Dr. Evermor’s Fore­vertron1 is a sculp­ture park in Bara­boo, WI, about an hour’s drive from Madi­son. It is a place we went to and boy we are sure glad we did!

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John and I drove up to the Fore­vertron from Chicago back when I was still living in the Mid­west, some­time in Sep­tem­ber 2009. We took a bunch of pic­tures during our visit and have been mean­ing to write a post about the place ever since, but for one reason or another we’ve never quite gotten around to it. So, now that I’ve for­got­ten pretty much every­thing about our visit, I’ve finally decided to com­plete our little write-​up.

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See that? That’s me! I was the driver for the day, since I was the only guy with access to a car. John sat in the front, replete with all sorts of gear (binder, pen, etc.) for Get­ting Work Done. This was going to be a Pro­duc­tive Jour­ney for him, since he had a good 3–4 hours of pris­tine free time each way.

He then promptly fell asleep, having stayed up the pre­vi­ous night so he could finish a Chronil­log­i­cal comic on time. Good work, John!

On the way up, we stopped for lunch at Culver’s.2 John tried his very first taste of Culver’s frozen cus­tard and was largely unim­pressed. What a buz­zkill, that guy!

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As we approached the gallery, I told John to keep a look­out for the proper turn-​off. John, for his part, saw sev­eral large metal sculp­tures all along the side of the road, right in the vicin­ity of where we were expect­ing the Fore­vertron to be. I didn’t see them myself, mostly because my atten­tion was focused on pre­vent­ing our Honda Odyssey from flying off the road and explod­ing into a flam­ing mass of twisted plas­tic and steel.

Inter­est­ingly, John utterly failed to men­tion these sculp­tures he saw—the sculp­tures along the side of the road that he saw right where we expected the sculp­ture park to be—the sculp­ture park that we were specif­i­cally look­ing for, out in the middle of rural Wis­con­sin. He failed to men­tion these sculp­tures, and instead we ended up wan­der­ing aim­lessly and self-​consciously around a small res­i­den­tial area for 10 or 20 min­utes. We finally found the Fore­vertron, tucked behind a scrap and sal­vage shop.

John even­tu­ally told me that he saw the sculp­tures when we were dri­ving along, and that he failed to bring them to my atten­tion. When I asked him “Why? Why did you do such a thing?” his only defense was that he had just assumed that elab­o­rate scrap-​metal sculp­tures were a big thing up in this neck of the woods.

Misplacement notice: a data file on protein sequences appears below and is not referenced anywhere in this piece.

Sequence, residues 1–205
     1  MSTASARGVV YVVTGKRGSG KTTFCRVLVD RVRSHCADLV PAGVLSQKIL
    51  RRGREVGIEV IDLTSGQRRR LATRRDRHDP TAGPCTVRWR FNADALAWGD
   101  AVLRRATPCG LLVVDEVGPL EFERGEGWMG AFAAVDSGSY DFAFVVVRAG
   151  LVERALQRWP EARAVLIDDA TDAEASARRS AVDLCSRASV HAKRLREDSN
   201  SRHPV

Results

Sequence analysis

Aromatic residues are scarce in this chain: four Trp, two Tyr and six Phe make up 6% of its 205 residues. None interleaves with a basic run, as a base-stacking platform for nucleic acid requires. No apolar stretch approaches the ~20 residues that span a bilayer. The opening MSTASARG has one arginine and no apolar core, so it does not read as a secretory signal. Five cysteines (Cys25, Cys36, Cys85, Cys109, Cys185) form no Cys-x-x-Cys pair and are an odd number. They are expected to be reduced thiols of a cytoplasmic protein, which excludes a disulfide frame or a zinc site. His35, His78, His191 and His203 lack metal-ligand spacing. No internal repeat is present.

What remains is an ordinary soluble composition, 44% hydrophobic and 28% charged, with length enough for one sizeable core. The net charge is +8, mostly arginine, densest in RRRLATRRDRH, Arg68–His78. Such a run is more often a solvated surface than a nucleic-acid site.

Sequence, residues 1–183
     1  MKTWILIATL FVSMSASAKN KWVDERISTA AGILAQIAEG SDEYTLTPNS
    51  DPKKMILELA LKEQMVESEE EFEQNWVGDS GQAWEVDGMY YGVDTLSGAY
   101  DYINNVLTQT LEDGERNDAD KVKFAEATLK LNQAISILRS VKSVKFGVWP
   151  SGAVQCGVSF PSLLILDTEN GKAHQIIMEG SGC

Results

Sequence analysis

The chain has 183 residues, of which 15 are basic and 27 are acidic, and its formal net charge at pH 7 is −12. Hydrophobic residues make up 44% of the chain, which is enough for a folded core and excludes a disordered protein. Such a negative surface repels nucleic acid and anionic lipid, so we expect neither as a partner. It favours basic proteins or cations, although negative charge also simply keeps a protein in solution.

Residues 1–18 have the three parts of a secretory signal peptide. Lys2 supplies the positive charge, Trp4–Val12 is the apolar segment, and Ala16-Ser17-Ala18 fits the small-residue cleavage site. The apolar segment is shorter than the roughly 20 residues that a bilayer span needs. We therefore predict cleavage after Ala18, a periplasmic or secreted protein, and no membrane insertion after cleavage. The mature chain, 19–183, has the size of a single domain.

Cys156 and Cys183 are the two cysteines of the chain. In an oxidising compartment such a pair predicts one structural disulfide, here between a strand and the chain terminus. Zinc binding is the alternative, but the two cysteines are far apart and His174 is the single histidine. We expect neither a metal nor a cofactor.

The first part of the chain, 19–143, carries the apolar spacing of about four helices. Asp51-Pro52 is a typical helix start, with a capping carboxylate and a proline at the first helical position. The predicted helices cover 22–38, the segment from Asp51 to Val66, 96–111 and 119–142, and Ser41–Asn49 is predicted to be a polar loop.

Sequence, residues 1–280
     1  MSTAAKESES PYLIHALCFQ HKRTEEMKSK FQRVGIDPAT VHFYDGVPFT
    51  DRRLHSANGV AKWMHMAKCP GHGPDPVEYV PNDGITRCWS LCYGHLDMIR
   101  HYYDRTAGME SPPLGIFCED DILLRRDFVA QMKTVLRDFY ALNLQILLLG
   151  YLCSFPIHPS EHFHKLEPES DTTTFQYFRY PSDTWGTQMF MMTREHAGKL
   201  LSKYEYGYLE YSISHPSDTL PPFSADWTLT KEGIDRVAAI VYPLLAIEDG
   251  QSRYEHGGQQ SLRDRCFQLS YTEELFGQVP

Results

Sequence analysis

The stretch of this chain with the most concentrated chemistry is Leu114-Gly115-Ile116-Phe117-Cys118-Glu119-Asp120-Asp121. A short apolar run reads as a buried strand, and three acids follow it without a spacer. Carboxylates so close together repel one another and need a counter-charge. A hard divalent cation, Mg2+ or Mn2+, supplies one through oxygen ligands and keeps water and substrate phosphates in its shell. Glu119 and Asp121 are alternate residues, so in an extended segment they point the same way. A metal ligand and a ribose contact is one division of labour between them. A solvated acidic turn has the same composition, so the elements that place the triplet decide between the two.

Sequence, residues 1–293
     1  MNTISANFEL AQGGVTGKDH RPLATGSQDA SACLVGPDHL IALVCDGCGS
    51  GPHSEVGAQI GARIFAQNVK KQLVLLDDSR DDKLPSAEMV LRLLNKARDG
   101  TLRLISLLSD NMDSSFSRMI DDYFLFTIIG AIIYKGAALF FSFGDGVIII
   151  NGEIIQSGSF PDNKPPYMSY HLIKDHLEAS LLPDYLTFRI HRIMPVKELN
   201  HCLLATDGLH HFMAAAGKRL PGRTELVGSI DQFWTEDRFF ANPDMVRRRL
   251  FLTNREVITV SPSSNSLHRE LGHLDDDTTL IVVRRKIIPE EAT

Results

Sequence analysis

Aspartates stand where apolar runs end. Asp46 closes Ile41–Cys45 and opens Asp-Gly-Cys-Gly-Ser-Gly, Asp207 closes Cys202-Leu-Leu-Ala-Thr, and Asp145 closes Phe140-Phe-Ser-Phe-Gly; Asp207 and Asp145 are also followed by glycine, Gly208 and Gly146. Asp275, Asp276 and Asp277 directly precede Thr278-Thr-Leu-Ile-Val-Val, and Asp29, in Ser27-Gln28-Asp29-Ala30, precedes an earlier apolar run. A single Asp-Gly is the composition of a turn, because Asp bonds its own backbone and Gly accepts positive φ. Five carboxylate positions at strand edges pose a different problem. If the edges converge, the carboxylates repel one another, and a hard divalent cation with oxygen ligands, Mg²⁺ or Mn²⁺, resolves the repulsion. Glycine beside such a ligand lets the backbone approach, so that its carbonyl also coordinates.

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As I men­tioned, the sculp­ture park was tucked away behind a scrap sur­plus store. After wan­der­ing around for a few min­utes, we saw a mass of metal jut­ting up from behind a group of trees in the dis­tance. It was an aus­pi­cious sight, Indi­ana Jones-​esque. We had stum­bled across the park.

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As you might expect from a sculp­ture park, there were delight­ful sculp­tures strewn all about. Really, I can’t do it jus­tice with just words. In fact, I think this was the main reason both John and I dragged our heels so long on writ­ing this post: too intim­i­dat­ing a task to try and describe the place with mere prose. So instead, I highly rec­om­mend you check out the Flickr pho­to­set I made with all the pic­tures we took.

Below is a small sam­pling of the pic­tures we took, just to give you a taste of what was in the park.

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And the end of the visit, we ran into Dr. Evermor’s wife. She was extremely kind and told us all about the park; I don’t remem­ber the details very well, but I dis­tinctly recall her speak­ing about the unex­ploded ord­nance they have to deal with around the site of the park. Some­thing about a live can­non­ball.

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And so, with a sigh, we hit the road once more. The drive back was very much like the drive up, and we lis­tened to Radi­o­lab most of the way.

And upon arriv­ing home, John and I agreed that one of these days we’d need to return to Dr. Evermor’s Fore­vertron.

  1. Google is a bit schiz­o­phrenic on the matter, but it’s spelled “Ever­mor” and not “Ever­more”.
  2. Culver’s is a pretty deli­cious fast-​food chain that’s based mostly in the upper Mid­west. They’re known mostly for their Butter Burg­ers and frozen cus­tard. Need­less to say, the place is not so great on your arter­ies.
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Discussion (2) ¬

  1. Galatae says:

    There’s a great writeup of this on Road­side Amer­ica:

    http://​www.​road​sideam​er​ica.​com/​s​t​o​r​y​/2239

  2. I feel a vague sense of… having been here at an age when I couldn’t really remem­ber things. You know?